The surge in commercial activity that will be made possible under major trade deals that the United States is negotiating with key global partners may seem worlds away for the average small business or consumer. But the truth is that the benefits of greater U.S. trade will hit very close to home.
Expanded access to foreign markets will help connect American businesses with more of the world’s customers — 95 percent of whom live beyond U.S. shores. With more customers, U.S. businesses can sell more goods and services, hire more employees and pump more revenue into the economy.
Already, one in three U.S. manufacturing jobs depends on exports. One in three acres of American farmland produces crops bound for consumers abroad. And one-third of all U.S. merchandise exports are sold by small and midsize businesses. New trade deals will boost growth for those American manufacturers, farmers and small enterprises that rely on exports.
Access to imports also provides real benefits for Americans. Imports mean lower prices and more choices for families as they try to stretch their budgets, boosting the average household’s purchasing power by about $10,000 each year. Access to imports also helps companies save on inputs and raw materials.
To get more of the job-creating, business-growing and cost-reducing benefits of trade, we need to complete work on several big deals.
The Trans-Pacific Partnership would grant the United States access to the world’s fastest-growing region, increasing U.S. exports to the Asia-Pacific and creating 700,000 new American jobs. The Transatlantic Trade and Investment Partnership with the EU would strengthen commercial ties between the world’s two largest trading partners, adding $125 billion to U.S. GDP and raising the purchasing power of the typical American family by nearly $900 annually.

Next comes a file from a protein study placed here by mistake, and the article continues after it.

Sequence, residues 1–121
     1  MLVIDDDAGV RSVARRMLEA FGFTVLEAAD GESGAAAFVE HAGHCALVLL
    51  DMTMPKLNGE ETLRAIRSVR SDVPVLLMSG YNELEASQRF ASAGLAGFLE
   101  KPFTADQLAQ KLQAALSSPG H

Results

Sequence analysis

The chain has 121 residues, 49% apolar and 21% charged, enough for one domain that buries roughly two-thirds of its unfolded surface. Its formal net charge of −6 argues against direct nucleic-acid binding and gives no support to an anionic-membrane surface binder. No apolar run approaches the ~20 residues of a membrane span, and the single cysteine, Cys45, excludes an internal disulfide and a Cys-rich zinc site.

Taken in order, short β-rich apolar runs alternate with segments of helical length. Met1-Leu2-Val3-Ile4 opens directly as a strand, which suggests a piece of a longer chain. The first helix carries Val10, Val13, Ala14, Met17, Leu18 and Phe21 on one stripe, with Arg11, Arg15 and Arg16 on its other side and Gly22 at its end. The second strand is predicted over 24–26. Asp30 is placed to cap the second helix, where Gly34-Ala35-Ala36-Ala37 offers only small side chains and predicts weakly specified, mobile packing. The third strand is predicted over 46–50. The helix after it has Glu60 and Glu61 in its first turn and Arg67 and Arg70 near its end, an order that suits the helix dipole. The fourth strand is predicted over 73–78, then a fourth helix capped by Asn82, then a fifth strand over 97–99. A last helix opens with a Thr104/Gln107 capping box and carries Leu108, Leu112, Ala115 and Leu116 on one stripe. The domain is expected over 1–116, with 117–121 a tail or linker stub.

The United States, along with some 50 other countries, is also negotiating a sweeping Trade in Services Agreement. The deal could boost U.S. service exports by up to $860 billion and create as many as 3 million new jobs. The World Trade Organization’s recently concluded Trade Facilitation Agreement will smooth global supply chains and enable more small and midsize companies to do business around the world.
Above all, we need congressional approval of Trade Promotion Authority, which will ensure effective executive-legislative collaboration in the negotiation of new trade pacts. Without it, these other agreements will remain out of reach.
As we work to tear down barriers between trading partners, we must also overcome political obstacles to stronger U.S. trade. The benefits for our economy, our businesses and our citizens are simply too good to refuse.
— Tom Donohue is president and CEO of the U.S. Chamber of Commerce. The opinions expressed are his own.